There are also products that allow you to feel their Japanese-ness, such as tenugui, or Japanese-style hand towels, and various kinds of stationery goods.
5. Shibuya 109 - The Origin of Youth Culture and Fashion
Shibuya 109 is the building at the heart of Shibuya's youth-oriented fashion scene, and the shops inside are designed with young women in mind.
The people working here are often called "charisma staff" because of their extensive knowledge of fashion, and the fact that they can recommend the most recent trend-setting clothes for you. It's popular among young people because it has a reputation for coming up with the latest fashion styles.
6. Bunkamura - A Showcase for Shibuya Culture
Photo by Dick Thomas Johnson on Flickr
Bunkamura is Japan's first large-scale, multi-purpose cultural facility. Shops and facilities are clustered here in one central location. In addition to a concert hall, theater, art gallery and movie theater, there is also a cafe and art shop.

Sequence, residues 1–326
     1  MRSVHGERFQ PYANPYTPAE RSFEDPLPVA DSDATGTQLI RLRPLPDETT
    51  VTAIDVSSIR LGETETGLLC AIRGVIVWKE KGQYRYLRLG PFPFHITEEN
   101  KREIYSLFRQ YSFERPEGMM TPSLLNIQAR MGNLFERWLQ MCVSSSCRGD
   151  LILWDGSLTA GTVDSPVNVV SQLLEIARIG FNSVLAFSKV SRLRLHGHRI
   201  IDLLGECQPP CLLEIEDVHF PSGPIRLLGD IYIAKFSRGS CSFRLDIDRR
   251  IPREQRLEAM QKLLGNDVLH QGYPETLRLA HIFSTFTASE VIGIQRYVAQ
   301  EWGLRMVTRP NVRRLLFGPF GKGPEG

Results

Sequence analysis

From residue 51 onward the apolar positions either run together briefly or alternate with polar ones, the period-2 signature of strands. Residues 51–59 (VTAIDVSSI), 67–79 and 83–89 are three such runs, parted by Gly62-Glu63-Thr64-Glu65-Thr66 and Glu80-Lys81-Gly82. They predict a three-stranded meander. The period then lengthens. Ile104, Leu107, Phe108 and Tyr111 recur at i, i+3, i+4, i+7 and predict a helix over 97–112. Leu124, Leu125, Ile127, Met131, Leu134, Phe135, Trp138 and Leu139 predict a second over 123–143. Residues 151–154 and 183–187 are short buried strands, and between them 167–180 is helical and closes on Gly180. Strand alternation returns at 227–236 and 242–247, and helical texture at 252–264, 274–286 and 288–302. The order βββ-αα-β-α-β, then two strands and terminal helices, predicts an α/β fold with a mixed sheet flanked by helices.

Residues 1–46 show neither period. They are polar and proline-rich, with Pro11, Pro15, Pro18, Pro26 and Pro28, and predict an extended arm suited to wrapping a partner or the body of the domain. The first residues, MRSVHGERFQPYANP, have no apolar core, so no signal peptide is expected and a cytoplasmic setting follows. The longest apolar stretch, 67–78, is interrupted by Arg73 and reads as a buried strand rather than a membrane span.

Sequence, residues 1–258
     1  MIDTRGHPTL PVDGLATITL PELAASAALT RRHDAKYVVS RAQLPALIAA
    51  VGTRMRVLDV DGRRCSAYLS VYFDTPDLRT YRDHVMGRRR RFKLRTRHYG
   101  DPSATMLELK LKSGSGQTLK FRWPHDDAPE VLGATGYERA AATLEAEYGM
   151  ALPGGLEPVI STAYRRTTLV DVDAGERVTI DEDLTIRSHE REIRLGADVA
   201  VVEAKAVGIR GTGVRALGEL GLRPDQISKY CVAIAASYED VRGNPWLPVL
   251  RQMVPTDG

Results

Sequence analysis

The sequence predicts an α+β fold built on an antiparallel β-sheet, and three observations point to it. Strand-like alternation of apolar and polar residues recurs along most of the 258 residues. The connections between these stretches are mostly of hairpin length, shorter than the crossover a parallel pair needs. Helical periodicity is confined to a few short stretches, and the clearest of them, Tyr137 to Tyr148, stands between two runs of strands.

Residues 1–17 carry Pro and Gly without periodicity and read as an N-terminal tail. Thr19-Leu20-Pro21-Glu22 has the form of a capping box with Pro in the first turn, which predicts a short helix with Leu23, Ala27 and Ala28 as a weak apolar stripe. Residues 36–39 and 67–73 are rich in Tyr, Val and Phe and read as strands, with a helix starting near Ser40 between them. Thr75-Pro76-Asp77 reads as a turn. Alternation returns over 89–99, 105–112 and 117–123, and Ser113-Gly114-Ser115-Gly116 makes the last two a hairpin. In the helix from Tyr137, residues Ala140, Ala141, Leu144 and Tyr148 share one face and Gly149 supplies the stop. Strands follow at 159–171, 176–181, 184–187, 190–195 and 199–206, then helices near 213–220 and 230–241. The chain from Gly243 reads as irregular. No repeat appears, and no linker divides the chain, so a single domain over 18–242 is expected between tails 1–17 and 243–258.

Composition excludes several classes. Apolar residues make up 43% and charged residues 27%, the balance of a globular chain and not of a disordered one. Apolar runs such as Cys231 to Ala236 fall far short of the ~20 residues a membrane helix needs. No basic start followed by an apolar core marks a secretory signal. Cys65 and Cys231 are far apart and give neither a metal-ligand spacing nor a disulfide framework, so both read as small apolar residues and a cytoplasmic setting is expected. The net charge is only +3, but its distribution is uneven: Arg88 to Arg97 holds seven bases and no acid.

Shibuya is also famous for being a center for art. At Bunkamura, why not spend some time getting acquainted with Tokyo's art and culture?
7. Cosmo Planetarium Shibuya - An Oasis in the Big City
Cosmo Planetarium Shibuya is a facility located on the 12th floor of Shibuya Cultural Center Ōwada.
It's popular for being a spot in the big city where you can catch a glimpse of the stars. While relaxing and gazing up at the night sky, you might soon forget that you're still in Shibuya. So be sure to drop in and enjoy the night panorama spreading out before your own eyes.